In the early ’90s, at the height of my career in sports journalism, I produced television coverage for Formula One motor racing in London, England. I lived with my wife and our three daughters on a country estate once owned by Henry VIII. We had private tennis courts and a gardener to maintain the grounds.
My career took me to the biggest events in the world. The Olympics in Lillehammer and Atlanta. The FIFA World Cup in Mexico and Italy. I earned a six-figure salary and dined with Mick Jagger in Portugal, Simon Le Bon in Monaco and Paul Simon in Australia. Two of the greatest drivers in the history of the sport, Ayrton Senna and Michael Schumacher, called me a friend.
Now, at age 56, I live in a 50-square-foot room at the Evangel Hall Mission, a subsidized housing project at Bathurst and Adelaide, run by the Presbyterian Church.
How did I get from there to here? A combination of bad decisions and bad luck. Back in the ’90s, when I was travelling the world and partying with celebrities, I was drinking a litre of vodka and snorting a gram and a half of cocaine every day. I never did drugs in front of my kids, but each night, after they went to sleep, I’d go out and get wasted.
In 1995, shortly after my family moved back to Toronto, my wife divorced me. I didn’t blame her; I was out of control. Desperate to repair our relationship, I sobered up and signed over our savings, RRSPs and house to my wife in the hope that she’d take me back—but she’d made up her mind. My daughters stayed with their mother.
I spent the next decade struggling with severe arthritis and depression, jumping on and off the wagon, landing jobs and losing them. By 2006, I was broke and homeless. I lived in shelters and rooming houses for a year before finding a spot at Evangel Hall. The building is rent-geared-to-income, which means I only have to pay 30 per cent of my earnings on housing. In the past few years, I’ve scored a few freelance TV gigs, but my main source of income is a disability pension. The space is bare-bones: three strides across, five to get from my bed to the door, with one small window that looks out over a parking lot. I have a stove, a mini-fridge and my own bathroom.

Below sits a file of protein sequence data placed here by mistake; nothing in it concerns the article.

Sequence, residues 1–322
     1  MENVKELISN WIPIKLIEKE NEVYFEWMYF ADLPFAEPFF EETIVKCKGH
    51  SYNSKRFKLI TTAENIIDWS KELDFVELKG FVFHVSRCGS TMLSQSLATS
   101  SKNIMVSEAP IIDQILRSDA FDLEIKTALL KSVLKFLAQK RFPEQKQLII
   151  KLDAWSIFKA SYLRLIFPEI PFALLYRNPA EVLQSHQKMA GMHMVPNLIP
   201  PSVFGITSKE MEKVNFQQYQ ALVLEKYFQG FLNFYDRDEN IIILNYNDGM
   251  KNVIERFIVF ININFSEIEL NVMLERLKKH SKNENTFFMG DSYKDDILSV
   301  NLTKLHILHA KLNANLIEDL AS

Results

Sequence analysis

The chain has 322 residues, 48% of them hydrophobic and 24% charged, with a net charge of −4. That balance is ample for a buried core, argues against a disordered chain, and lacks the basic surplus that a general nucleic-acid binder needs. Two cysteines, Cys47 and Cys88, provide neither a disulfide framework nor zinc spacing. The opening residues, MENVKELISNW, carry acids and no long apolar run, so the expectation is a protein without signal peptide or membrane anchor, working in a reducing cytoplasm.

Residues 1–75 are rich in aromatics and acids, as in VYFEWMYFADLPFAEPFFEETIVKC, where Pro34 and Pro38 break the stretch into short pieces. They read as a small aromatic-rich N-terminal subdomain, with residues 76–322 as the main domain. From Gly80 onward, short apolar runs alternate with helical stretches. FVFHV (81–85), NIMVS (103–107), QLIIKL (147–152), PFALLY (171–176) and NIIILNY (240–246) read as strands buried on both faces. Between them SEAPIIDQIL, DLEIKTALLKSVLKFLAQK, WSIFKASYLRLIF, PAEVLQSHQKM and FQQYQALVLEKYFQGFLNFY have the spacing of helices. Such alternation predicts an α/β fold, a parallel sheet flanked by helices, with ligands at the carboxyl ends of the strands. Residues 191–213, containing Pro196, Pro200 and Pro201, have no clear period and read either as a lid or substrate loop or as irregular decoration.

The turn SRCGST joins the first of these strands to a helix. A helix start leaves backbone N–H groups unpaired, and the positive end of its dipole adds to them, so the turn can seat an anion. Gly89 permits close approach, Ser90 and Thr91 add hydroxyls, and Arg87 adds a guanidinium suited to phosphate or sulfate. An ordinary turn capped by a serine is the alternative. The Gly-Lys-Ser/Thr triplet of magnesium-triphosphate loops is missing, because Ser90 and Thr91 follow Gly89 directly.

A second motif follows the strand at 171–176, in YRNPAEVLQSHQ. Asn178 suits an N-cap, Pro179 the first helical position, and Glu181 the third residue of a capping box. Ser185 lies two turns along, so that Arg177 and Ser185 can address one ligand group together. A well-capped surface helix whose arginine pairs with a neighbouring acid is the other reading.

Unfortunately, I also have bedbugs, which relentlessly return no matter how often Evangel Hall sprays my unit. Once in a while, I spot one in my peripheral vision as I pull back my bedsheet. For the rest of the night, I’m consumed by the thought of the bloodsuckers crawling on my skin. It’s a kind of psychological torture. I lie awake, scratching until I bleed.
Every morning when I wake up, my knees and ankles are so wracked with pain from the arthritis that I have to hold on to the walls to get to the bathroom. The dark cloud of depression paralyzes me. I often struggle to get out the door.
Most of my neighbours are worse off. One tenant was evicted because he brought hookers to his place and beat them up. Another is a schizophrenic who loses control when he’s off his meds; once he tried to stab me with a butter knife. Yet another dropped dead a few weeks ago. He’d spent all his time collecting empty bottles, buying beer with the proceeds and drinking in the laneways behind local restaurants.
Right now, a unit just down the hall is sealed with police tape. The tenant had Lou Gehrig’s disease and drank himself to death with a mixture of rubbing alcohol and grape juice—“purple Jesus,” he called it.
On the ground floor of Evangel Hall is the drop-in, where the poor and homeless can stop by for a free meal. Each day, the room fills with drifters, ex-cons, people who can’t hold down a job. The staff do the best they can with their meagre donations. Sometimes the food is good, depending on who’s cooking. Most days we get turnips, zucchini, potatoes and mystery meat. But the price is right.
Last year, TVO asked me to make a short film about my community for the international Why Poverty? campaign. The movie was well received. It played at the Bloor Hot Docs Cinema (you can watch it online here). I saw my work onscreen again and travelled on a publicity tour. But despite all the positive feedback, I haven’t been able to land any work. I’ve knocked on dozens of doors. I’ve received encouragement from many influential people, but none of them know what to do with me. Old acquaintances still see me as the degenerate drug addict I was back in the ’90s. It’s taken a long time to get people to trust me again. Some of them never will.
The thing that scares me the most is going to bed one night and not waking up. In the past year, 24 people in and around my building have died. Some from cancer. Some from heart attacks or diabetes. Many of them just gave up.
These days, my priorities are simple: get a decent job and reunite with my kids; only my youngest speaks to me now. I want to believe I’ll get back on my feet, but most days I’m plagued by the fear that there’s nothing left for me. That I’m like Sisyphus, forced to repeat my penance forever. If that’s what it takes, that’s what I’ll do.
Vac Verikaitis is a Toronto writer and filmmaker.
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